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French Ambassador visits Columbus, draws protest

Since the beginning of the U-S led war in Iraq, America's relationship with most of its European allies--excluding England---has been strained.

France was among the countries that opposed the war. Now the two countries are trying to mend fences

The French ambassador to the United States Wednesday visited Columbus to discuss the change in French and U-S relations this last year.

Ambassador Jean-David Levitte is optimistic about future relations between the U-S and France. Levitte says now that the disagreement between the two countries about the validity of the war is past, it is time to look towards the future---rebuilding Iraq.

With the end of major fighting in Iraq, much of the focus has now turned to developing a democratic state and the economic benefits that could come with it.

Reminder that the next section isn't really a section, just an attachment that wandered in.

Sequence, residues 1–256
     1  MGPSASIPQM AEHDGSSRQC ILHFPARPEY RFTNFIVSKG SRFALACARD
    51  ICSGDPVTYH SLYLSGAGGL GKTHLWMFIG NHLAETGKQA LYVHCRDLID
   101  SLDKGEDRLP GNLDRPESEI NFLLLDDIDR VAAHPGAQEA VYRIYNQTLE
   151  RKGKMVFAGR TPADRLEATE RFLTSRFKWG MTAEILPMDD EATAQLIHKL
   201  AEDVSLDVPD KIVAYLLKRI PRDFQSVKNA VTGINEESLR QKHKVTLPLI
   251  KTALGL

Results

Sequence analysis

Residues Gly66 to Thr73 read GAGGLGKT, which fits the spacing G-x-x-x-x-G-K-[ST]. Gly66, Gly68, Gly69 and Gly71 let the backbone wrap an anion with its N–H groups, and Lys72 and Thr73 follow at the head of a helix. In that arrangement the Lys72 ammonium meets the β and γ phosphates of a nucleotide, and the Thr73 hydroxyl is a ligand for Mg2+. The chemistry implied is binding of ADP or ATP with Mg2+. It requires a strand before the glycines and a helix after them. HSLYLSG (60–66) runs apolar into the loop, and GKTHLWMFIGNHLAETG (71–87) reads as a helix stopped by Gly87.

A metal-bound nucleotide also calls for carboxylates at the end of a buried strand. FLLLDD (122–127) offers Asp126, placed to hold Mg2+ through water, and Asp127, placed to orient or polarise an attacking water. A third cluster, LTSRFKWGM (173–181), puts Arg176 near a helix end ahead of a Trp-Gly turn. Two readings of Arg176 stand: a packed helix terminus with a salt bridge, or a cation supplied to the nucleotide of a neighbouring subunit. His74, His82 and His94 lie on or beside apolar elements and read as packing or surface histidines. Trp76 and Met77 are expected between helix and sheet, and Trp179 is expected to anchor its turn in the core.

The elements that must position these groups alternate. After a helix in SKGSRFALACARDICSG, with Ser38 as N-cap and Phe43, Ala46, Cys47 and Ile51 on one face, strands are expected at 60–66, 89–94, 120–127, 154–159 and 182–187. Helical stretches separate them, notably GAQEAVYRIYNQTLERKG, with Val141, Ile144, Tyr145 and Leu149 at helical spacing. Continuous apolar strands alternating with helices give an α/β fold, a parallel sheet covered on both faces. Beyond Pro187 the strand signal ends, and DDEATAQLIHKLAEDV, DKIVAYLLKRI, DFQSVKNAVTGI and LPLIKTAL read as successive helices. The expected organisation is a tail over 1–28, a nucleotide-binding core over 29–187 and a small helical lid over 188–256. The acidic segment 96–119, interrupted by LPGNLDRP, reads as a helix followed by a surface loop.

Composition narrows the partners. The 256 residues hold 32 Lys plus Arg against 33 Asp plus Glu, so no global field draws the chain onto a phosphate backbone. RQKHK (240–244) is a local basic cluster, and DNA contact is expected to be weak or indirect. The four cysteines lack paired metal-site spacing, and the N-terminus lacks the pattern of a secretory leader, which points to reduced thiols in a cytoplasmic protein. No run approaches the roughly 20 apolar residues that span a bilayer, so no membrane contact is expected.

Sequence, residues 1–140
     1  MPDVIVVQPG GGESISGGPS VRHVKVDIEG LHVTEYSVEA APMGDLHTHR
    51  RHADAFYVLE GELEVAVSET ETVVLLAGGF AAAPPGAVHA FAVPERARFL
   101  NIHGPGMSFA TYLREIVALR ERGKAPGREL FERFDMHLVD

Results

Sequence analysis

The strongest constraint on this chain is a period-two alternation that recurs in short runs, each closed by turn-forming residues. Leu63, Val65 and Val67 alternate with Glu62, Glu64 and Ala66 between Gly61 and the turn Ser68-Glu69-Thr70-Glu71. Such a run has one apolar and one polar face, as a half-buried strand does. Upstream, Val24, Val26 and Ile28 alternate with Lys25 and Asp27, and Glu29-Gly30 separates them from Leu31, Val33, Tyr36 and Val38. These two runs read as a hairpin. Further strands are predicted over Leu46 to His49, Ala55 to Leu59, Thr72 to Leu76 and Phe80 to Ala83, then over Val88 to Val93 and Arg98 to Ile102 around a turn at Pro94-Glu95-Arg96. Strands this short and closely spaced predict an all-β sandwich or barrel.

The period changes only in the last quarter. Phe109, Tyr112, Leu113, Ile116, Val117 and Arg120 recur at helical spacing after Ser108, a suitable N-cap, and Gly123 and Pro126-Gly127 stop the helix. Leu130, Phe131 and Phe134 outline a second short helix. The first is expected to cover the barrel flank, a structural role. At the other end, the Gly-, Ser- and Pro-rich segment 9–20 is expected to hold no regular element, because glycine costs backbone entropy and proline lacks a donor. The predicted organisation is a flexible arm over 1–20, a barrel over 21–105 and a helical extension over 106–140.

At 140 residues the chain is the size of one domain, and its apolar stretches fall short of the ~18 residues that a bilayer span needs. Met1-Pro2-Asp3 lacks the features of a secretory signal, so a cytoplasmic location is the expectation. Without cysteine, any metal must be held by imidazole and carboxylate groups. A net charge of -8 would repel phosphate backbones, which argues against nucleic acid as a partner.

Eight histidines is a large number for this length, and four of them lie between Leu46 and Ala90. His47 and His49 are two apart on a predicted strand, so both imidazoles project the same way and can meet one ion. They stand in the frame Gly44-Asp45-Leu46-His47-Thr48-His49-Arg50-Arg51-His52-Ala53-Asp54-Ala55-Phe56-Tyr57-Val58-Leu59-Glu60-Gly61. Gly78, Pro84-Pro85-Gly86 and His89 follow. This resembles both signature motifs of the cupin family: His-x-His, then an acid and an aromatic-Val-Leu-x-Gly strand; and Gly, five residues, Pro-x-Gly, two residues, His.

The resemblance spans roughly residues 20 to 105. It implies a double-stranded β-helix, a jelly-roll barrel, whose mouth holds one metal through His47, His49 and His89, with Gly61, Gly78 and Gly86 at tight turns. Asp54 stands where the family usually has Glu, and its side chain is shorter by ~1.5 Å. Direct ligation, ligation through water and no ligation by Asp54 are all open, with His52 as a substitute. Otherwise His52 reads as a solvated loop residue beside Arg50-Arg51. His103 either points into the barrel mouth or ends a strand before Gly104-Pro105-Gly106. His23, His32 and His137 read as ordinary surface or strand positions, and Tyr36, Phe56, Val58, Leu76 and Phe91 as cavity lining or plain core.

President Bush recently announced countries who had not supported the U.S. led campaign would be unable to bid on contracts to rebuild the country.

But Bush said Tuesday Canada would be allowed to compete for contracts, a sign the hard line stance of the administration may be diminishing.

France's Jean-David Levitte says his country sees rebuilding Iraq as an important step to peace in the Middle East, not an opportunity to gain an economic foothold.

Levitte adds the U-S stands to gain more economically from Iraq and its oil than France.

During Levitte's comments at a lunch forum at the Columbus Metropolitan Club, a group of Muslim women and girls stood outside dressed in hajibs or headscarves.

The group was protesting a French law that bans wearing any religious symbols in public buildings--including schools.

Ambassador Levitte says France has a strict policy of separation of church and state that is being enforced. He says parents can send their children to private school.

Levitte says the law does not apply to public colleges or universities.